( o.o) ( o.o) ( o.o)
    (")("),,(")("),(")(")

  • VengeSunsoarVengeSunsoar Posts: 5,314Member Uncommon

    Originally posted by gobla

    Originally posted by chrisleko

    As far as I know, magazines aren't peer-reviewed, Journals are (it's one of the key differences between the two).  The reason this doesn't appear in a peer-reviewed journal is because it's an opinion piece that has no research to support what it's trying to say.  Plus, it's written by an astrophysicist, not a neurobiologist/psychologist who writes science-fiction novels.  This is not scholarly, therefore it should not appear in a scholarly journal.  Brin even acknowledges this.

    I agree that his line of inquiry is interesting, and might yield some interesting exerimental studies, but there are probably too many difficulties to make securing funding for research.  I'm inclined to beleive that a great deal of "addiction" is a result from executive functioning disabilities.

    I also agree with Kyleran that "fanboys/haters" are probably not addicted to "feeling right", but they just want to be right (which is probably more an issue connected to Ego, Superego, and Id than anything else). 

    Claiming that these people "need" to be right due to addiction removes all accountability and responsibility for choice.  People choose to argue on the internet (yes, the irony is not lost on me), or support X game.

    Sorry, my bad about the magazine/journal thing. 50% thinking too fast and 50% lost in translation ( both magazine and journal are 'tijdschrift' in dutch ).

    And does addiction really remove all accountability and responsibility? I mean there's a lot of people addicted to say nicotine. They need sigarets. Does that mean they're not accountable and responsible for their actions whilst getting said sigaretes?

    Not all addiction comes in the form of desperate junkies. If they get their 'high' reguraly there's nothing preventing them from functioning normally the rest of the time.

    But as you say, it's probably looking too deeply into the matter.

     Also this depends entirely upon your definition of addiction.  In the upcoming DSM-V addiction is out and replaced by abuse and dependence depending on where the locus of control lies.  Dependence deals with disregulating receptors that are "regulated" upon introduction of a compound similar to the ligand that binds to it.  Here the locus of control lies outside the person.  Their behaviour can only be altered when the chemical is bound to the receptor or the receptor is changed.  Treatments would then be chemical treatment/ complete abstinence combined with CBT to change the receptors.  (incidently 12 step is an excellent, highly reseached and effective form of CBT)

    In abuse (gambling, possibility internet) there is no disregulated receptor.  The locus of control lies within the individual.  Treatment could be abstinene, harm reduction, gradual withdrawal.  This can be just as damaging as dependence but reflects a fundamental difference in the cause.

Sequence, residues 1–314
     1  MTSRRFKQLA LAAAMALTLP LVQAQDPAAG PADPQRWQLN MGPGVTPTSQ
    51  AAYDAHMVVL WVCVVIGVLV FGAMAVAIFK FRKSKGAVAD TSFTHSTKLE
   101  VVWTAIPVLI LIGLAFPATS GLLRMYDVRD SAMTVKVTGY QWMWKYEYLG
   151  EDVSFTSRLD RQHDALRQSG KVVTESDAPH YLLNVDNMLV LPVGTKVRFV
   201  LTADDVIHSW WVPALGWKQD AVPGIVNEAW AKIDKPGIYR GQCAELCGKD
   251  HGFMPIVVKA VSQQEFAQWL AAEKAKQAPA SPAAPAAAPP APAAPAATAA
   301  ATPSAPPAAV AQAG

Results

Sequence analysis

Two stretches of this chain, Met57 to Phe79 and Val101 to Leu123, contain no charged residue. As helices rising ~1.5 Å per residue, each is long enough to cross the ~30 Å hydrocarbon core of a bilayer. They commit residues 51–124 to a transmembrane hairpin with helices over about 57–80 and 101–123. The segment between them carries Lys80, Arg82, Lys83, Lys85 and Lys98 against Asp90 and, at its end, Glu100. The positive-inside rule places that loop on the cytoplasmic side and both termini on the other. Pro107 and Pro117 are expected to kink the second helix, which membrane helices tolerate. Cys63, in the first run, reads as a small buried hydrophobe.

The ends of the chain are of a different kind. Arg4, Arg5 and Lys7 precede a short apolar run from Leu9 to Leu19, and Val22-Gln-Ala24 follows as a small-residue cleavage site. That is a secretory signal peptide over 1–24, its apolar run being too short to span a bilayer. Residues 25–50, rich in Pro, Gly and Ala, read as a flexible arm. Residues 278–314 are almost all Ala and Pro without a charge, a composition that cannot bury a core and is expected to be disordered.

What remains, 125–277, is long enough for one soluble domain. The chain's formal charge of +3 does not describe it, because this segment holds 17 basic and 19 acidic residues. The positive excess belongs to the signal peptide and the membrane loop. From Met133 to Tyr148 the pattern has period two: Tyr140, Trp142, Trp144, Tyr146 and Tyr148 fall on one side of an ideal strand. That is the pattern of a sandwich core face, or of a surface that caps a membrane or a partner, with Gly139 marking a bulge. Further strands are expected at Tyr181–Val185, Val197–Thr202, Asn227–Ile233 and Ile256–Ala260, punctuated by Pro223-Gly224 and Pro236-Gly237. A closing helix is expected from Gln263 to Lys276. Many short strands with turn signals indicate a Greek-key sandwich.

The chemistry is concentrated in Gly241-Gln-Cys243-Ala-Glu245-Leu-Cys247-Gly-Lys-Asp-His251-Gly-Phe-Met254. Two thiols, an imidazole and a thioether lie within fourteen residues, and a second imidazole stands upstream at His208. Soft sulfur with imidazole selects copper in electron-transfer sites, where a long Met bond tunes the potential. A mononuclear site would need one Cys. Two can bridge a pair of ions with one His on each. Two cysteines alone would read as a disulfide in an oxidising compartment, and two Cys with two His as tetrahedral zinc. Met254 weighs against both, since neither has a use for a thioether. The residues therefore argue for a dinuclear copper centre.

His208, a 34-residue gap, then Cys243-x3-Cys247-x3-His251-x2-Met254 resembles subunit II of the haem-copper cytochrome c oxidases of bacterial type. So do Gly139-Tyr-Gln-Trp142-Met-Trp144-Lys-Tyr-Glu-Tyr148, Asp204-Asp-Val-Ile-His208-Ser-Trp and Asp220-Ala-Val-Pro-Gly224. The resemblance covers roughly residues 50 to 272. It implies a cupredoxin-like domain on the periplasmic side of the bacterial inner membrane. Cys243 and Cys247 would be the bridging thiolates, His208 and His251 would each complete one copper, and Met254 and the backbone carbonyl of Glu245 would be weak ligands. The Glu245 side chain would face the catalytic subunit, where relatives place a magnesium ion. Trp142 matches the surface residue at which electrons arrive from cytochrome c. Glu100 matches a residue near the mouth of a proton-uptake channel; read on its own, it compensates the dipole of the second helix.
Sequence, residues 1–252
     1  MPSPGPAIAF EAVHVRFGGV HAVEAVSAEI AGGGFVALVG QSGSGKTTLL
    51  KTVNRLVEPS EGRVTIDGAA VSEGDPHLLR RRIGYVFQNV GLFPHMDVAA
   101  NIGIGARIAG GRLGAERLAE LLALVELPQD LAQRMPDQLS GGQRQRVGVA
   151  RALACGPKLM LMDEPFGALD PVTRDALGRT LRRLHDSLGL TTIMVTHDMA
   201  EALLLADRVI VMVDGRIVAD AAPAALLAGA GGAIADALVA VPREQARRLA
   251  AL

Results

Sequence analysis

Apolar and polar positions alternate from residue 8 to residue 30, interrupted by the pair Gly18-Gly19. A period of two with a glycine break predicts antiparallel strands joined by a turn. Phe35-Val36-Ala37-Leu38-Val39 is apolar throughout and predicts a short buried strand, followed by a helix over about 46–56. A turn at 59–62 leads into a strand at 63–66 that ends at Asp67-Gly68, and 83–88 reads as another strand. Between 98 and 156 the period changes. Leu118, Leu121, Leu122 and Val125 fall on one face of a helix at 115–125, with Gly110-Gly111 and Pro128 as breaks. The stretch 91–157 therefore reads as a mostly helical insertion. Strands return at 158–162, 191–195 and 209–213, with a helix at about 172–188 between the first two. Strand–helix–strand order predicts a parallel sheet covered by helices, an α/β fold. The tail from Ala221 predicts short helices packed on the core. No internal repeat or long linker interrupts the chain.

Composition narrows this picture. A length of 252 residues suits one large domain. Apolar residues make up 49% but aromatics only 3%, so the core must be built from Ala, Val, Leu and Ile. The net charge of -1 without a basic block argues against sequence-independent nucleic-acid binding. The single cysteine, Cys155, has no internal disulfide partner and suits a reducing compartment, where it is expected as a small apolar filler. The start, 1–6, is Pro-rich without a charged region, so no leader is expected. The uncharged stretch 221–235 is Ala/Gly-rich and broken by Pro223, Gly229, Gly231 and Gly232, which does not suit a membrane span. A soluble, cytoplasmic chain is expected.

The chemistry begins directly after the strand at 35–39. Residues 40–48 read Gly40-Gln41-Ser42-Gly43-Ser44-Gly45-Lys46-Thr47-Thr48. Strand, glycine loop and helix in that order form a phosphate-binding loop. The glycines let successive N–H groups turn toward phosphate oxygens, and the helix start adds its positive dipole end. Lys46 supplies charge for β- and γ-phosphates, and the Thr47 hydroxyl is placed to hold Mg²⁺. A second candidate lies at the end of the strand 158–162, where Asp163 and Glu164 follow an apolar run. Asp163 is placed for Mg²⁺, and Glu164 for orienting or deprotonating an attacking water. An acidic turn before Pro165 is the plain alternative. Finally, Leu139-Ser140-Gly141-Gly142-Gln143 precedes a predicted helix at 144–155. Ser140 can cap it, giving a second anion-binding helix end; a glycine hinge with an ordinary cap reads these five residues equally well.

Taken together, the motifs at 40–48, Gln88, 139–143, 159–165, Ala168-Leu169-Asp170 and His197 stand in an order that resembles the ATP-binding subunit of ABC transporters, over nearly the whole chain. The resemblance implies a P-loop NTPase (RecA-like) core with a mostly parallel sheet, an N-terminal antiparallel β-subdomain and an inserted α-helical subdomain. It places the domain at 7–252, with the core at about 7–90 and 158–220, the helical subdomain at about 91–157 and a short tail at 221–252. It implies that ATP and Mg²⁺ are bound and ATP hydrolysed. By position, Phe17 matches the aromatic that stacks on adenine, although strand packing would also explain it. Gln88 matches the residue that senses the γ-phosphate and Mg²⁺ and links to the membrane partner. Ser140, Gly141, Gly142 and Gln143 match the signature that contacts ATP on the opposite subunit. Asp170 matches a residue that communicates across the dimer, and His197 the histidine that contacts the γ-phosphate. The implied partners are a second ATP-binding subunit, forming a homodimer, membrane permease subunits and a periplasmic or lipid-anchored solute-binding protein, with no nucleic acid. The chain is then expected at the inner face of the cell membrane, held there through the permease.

To date there has been no reliable research showing that people are "addicted" to dopamine.  There is no research to support the idea that adrenaline junkies need that dopamine and/or nor/epinephrine stimulus in order to function normally.  Additionally there has been no reliable research showing that there are some addictive personalties. 

    In truth the research that has been done actually show that many/most people will not become dependent on whatever the chemical stimulant in question is.  Only approximatly 20% of people who use cocaine will become dependant on it because the receptor it binds to is either disregulated or susceptible to becoming disregulated.  Alcohol is closer to 80% as there are several recepters that are affected.  Marijuana is currently about 4%.

    So while the person in the article has an interesting idea and the idea actually deserves some merit, the only thing I will say at this  point is, thats interesting.

    Venge

    Quit worrying about other players in a game and just play.

  • AG-VukAG-Vuk Phoenix, AZPosts: 823Member Uncommon

    I also believe that too many people use addiction as a word substitue for habitual behavior.  Habitual behavior doesn't have physical affect that addictive behavior does.

    image
  • GyrusGyrus Lost City of ZPosts: 2,335Member

    Sorry OP, but I think you miss the point.

    "Self-righteous indignation" applies to defending your own point of view.

    Fanbois are not defending their own point of view - they are defending the Developer's.

    Nothing says irony like spelling ideot wrong.

  • FikusOfAhaziFikusOfAhazi St. Louis, MOPosts: 1,835Member

    Sure people get addicted to it. Im a little different though.

    I love being wrong. What better mental feeling is there than understanding?

    See you in the dream..
    The Fires from heaven, now as cold as ice. A rapid ascension tolls a heavy price.